Quebec doctors' support for euthanasia raises ethical questions

Originally published in the National Post November 3rd 2009. To go to the National Post website, please click here

A decision by the medical regulatory body of Quebec to support legalized euthanasia in “exceptional situations” raises grave concern about crossing ethical boundaries that violate the fundamental duty of physicians, critics say.

“I am concerned that a physicians’ group would come out so unequivocally and say they are in favour of it,” said Dr. Jeff Blackmer, head of the Canadian Medical Association’s office of ethics. “It’s a group of physicians that are regulators who set the moral and ethical standards for practicing physicians. So they carry a certain amount of weight that could sway public opinion.”

On Tuesday, the Quebec College of Physicians and Surgeons, the province’s regulator, said the Criminal Code should be changed to allow doctors to take the life of certain patients facing imminent death.

“We are saying death can be an appropriate type of care in certain circumstances,” said Dr. Yves Robert, a college official, at a news conference in Montreal on Tuesday. (Read their full release)

“This is a major breakthrough.”

This is the first time in Canada that a regulatory body has openly supported euthanasia.

Opinion polls have consistently shown that a majority of Canadians support some form of legalized euthanasia, with the strongest support typically in Quebec.

The document from the college argues it is impossible to have one law that covers an array of complex end-of-life issues — and that the current law impinges on the rights of doctors and patients to make their own decisions for situations that cannot be helped by palliative care.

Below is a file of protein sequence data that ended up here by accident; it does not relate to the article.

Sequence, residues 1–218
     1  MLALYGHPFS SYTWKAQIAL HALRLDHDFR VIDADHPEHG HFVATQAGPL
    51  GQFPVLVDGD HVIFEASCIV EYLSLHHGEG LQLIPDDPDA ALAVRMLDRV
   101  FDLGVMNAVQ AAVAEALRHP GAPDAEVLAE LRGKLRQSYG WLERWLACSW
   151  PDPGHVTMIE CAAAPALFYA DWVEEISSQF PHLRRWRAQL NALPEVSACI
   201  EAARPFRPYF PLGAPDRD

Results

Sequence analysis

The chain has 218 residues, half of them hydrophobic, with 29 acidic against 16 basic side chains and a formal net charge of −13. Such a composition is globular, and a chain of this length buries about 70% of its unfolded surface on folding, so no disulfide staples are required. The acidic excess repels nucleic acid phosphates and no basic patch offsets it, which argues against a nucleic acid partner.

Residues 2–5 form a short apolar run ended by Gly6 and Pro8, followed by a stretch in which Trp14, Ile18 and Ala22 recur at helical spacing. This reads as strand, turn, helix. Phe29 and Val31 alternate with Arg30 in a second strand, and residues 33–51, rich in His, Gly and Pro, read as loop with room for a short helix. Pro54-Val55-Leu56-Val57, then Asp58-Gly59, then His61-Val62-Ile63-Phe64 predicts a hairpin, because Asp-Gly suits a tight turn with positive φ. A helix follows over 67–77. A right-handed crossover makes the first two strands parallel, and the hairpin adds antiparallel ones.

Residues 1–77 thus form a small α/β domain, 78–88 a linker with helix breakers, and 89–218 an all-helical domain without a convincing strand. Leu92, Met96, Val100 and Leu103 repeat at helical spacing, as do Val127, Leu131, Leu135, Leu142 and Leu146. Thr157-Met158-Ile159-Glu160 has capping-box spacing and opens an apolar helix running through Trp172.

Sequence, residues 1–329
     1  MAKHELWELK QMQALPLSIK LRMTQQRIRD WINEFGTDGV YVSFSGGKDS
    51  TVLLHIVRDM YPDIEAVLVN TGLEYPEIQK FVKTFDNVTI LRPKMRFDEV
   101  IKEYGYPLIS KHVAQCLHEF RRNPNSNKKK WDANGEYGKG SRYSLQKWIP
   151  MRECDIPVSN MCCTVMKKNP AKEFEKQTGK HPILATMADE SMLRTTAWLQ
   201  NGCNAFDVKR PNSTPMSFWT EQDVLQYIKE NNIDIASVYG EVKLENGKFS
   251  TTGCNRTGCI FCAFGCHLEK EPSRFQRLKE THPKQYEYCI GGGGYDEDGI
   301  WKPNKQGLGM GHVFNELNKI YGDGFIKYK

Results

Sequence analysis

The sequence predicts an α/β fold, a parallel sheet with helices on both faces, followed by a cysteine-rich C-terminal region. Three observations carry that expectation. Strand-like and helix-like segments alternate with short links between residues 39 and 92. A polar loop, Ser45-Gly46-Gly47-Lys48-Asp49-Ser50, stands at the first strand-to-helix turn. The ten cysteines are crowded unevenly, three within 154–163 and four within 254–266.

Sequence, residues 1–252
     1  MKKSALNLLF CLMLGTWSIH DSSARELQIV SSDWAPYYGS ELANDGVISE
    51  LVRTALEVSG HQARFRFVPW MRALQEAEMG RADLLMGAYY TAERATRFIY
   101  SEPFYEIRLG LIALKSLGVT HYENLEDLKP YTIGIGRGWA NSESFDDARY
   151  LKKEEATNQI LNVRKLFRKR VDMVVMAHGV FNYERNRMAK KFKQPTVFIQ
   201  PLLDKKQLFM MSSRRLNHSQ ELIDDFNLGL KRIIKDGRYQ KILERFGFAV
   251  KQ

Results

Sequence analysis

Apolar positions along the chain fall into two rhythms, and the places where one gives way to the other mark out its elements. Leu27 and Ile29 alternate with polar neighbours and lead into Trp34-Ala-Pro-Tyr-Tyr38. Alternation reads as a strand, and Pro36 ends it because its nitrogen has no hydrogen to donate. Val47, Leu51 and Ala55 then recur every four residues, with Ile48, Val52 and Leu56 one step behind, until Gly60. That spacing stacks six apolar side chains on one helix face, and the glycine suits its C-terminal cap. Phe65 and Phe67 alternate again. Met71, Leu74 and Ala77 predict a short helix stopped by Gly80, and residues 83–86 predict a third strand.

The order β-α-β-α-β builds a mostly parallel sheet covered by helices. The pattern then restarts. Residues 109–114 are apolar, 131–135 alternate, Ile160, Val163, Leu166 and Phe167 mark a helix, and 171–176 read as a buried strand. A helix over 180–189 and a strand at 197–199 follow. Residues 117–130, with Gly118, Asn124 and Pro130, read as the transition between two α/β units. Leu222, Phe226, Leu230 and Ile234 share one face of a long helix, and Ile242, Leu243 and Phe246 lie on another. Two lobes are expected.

“In effect, there are certain exceptional situations — uncontrollable pain or interminable suffering, for example — in which euthanasia could be considered a final step required to assure the provision of quality care,” the document said. “[We must] stop denying the existence of these difficult situations and we openly discuss the various options facing us …” the report said.

The college rejects a private member’s bill that would legalize euthanasia and is now going through second reading in Parliament, calling it far too broad. Bill C-384 would allow patients to request euthanasia for physical or mental distress, even if they refuse to seek medical treatment.

“[It] is understandable for a doctor or anyone else to be reluctant to shorten the life of a patient who is depressed or to help a patient to die who refuses appropriate care,” the report said.

Senator Sharon Carstairs, a proponent of improved end-of-life care in Canada, said if euthanasia was made legal now it could stop the improvements made to palliative care access.

However, she said she commended the Quebec college for at least airing the issue.

“Euthanasia is going on in Canada; we know that,” she said. “So they’re saying ‘bring it out of the closet and make it legal.’ ”

She said the college’s position is “premature” because we still do not have adequate palliative care.

But even with the best palliative care in the world, she added, there will be those who will want the right to end their life legally, so the debate would continue.